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Atmospheric Chemistry and Physics An interactive open-access journal of the European Geosciences Union
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https://doi.org/10.5194/acp-2020-778
© Author(s) 2020. This work is distributed under
the Creative Commons Attribution 4.0 License.
https://doi.org/10.5194/acp-2020-778
© Author(s) 2020. This work is distributed under
the Creative Commons Attribution 4.0 License.

  13 Aug 2020

13 Aug 2020

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This preprint is currently under review for the journal ACP.

Biodegradation by bacteria in clouds: An underestimated sink for some organics in the atmospheric multiphase system

Amina Khaled, Minghui Zhang, Pierre Amato, Anne-Marie Delort, and Barbara Ervens Amina Khaled et al.
  • Université Clermont Auvergne, CNRS, SIGMA Clermont, Institut de Chimie de Clermont-Ferrand, 63000 Clermont-Ferrand, France

Abstract. Water-soluble organic compounds represent a significant fraction of total atmospheric carbon. The main oxidants towards them in the gas and aqueous phases are OH and NO3 radicals. In addition to chemical solutes, a great variety of microorganisms (e.g. bacteria, viruses, fungi) has been identified in cloud water. Previous lab studies suggested that for some organics, biodegradation by bacteria in water is comparable to their loss by chemical processes. We perform model sensitivity studies over large ranges of biological and chemical process parameters using a box model with a detailed atmospheric multiphase chemical mechanism and biodegradation processes to explore the importance of biodegradation of organics in the aqueous phase. Accounting for the fact that only a small number fraction of cloud droplets (~ 0.0001–0.001) contains active bacteria cells, we consider only a few bacteria-containing droplets in the model cloud. We demonstrate that biodegradation might be most efficient for volatile organic compounds (VOC) with intermediate solubility (~ 104 ≤ KH(eff) [M atm−1] ≤ 106, e.g., formic and acetic acids). This can be explained by the transport limitation due evaporation of organics from bacteria-free droplets to the gas phase, followed by the dissolution into bacteria-containing droplets. For non-volatile organics (NVOC), such as dicarboxylic acids, the upper limit of organic loss by biodegradation can be approximated by the amount of organics dissolved in the bacteria-containing droplets (< 0.01 %). We compare results from this detailed drop-resolved model to simplified model approaches, in which either (i) all cloud droplets are assumed to contain the same cell concentration (0.0001–0.001 cell droplet−1) or (ii) only droplets with intact bacteria cells are considered in the cloud (liquid water content ~ 10−11 vol/vol). Conclusions based on these approaches generally overestimate of the role of biodegradation, in particular, for highly soluble VOC. Our model sensitivity studies suggest that current atmospheric multiphase chemistry models are incomplete for organics with intermediate solubility and high bacterial activity.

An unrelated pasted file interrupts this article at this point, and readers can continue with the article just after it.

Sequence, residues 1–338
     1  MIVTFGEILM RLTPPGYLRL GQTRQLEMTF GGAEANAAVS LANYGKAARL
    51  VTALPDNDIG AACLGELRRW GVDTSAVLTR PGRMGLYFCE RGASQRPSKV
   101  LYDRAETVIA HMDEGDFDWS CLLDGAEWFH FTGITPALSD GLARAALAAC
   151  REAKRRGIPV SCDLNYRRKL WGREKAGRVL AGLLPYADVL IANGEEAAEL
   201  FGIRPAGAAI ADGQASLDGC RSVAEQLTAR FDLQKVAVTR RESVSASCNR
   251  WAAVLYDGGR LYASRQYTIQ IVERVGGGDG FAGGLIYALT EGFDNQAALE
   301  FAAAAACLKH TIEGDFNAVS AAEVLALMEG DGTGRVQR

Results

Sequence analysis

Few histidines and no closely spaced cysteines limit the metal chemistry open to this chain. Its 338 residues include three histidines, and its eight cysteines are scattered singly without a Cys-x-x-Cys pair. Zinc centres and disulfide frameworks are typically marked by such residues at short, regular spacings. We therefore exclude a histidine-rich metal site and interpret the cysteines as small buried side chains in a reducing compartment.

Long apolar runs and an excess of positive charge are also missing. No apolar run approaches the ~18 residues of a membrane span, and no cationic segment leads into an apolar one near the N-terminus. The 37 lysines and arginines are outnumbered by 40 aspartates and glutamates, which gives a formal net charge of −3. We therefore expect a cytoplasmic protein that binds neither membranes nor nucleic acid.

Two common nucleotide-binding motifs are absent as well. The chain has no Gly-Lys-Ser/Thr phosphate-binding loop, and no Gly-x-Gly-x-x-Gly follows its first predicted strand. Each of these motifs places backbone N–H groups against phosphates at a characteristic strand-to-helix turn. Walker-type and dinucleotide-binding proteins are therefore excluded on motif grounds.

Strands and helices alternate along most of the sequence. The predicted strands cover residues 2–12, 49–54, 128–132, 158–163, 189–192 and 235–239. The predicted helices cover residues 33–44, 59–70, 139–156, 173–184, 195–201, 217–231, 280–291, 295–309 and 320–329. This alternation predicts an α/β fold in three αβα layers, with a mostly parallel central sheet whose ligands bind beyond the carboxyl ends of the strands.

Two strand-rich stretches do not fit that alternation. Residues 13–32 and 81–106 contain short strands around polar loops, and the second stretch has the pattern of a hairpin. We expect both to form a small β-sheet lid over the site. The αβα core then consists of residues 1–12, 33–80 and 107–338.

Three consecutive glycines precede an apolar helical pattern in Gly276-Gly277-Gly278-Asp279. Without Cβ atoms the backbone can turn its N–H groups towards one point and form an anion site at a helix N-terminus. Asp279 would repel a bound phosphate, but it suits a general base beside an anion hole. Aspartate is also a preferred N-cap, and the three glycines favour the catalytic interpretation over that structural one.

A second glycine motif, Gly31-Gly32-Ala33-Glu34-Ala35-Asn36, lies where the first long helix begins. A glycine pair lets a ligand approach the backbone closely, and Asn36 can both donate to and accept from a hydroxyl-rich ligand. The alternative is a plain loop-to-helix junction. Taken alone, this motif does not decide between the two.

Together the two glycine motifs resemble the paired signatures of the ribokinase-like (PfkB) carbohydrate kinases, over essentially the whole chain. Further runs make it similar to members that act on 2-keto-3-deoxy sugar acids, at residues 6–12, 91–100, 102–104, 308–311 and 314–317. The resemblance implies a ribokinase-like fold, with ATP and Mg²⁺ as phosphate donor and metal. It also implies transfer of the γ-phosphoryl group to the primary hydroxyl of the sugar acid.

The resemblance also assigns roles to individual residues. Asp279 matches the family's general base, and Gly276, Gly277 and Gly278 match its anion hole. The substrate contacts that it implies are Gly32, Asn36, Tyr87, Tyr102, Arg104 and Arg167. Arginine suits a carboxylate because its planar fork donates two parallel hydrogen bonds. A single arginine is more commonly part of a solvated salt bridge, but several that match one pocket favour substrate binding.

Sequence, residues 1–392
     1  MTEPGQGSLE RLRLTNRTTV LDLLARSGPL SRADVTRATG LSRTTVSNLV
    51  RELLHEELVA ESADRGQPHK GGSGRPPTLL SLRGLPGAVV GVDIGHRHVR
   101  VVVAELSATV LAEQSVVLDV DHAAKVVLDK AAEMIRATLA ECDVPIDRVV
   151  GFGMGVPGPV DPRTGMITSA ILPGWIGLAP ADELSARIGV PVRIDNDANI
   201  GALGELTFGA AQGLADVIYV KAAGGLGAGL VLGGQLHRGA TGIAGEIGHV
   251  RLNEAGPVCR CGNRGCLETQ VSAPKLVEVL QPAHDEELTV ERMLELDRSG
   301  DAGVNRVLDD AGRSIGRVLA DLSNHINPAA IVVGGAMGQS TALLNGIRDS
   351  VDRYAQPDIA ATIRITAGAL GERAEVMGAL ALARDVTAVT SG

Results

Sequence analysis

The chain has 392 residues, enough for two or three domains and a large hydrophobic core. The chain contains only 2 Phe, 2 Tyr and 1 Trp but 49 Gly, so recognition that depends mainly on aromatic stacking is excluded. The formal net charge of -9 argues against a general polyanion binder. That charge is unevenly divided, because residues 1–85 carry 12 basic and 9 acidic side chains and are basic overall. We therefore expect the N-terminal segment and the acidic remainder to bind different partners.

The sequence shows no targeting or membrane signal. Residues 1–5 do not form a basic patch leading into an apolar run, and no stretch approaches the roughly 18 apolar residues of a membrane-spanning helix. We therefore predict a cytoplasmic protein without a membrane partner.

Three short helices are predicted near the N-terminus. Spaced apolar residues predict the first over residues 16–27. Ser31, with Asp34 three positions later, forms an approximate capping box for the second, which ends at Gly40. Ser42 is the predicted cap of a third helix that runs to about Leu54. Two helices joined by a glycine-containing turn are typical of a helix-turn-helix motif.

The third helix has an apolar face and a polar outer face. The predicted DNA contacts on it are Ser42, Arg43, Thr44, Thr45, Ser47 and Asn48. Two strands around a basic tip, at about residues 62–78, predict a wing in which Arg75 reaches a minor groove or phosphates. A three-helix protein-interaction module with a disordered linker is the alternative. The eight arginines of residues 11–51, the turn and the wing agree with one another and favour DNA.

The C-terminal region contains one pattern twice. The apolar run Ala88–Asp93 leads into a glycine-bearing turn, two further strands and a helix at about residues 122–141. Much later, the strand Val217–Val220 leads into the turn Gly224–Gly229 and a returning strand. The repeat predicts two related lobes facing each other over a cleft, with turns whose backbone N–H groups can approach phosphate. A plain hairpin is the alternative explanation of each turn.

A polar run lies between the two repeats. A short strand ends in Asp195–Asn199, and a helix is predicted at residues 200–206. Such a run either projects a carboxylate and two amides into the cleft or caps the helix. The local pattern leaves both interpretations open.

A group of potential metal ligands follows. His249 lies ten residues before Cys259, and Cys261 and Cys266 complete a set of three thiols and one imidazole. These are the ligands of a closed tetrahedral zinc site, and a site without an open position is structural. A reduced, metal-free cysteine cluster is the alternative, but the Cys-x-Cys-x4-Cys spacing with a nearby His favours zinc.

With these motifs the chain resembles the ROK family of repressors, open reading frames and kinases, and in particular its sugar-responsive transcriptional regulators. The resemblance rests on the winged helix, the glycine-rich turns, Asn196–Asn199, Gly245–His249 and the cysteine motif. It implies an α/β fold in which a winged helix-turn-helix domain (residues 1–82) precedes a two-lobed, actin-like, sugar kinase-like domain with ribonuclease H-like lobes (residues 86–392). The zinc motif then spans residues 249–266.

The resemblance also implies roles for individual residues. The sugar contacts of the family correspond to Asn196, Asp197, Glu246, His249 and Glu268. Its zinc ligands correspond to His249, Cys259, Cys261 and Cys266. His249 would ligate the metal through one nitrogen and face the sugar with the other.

Amina Khaled et al.

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Amina Khaled et al.

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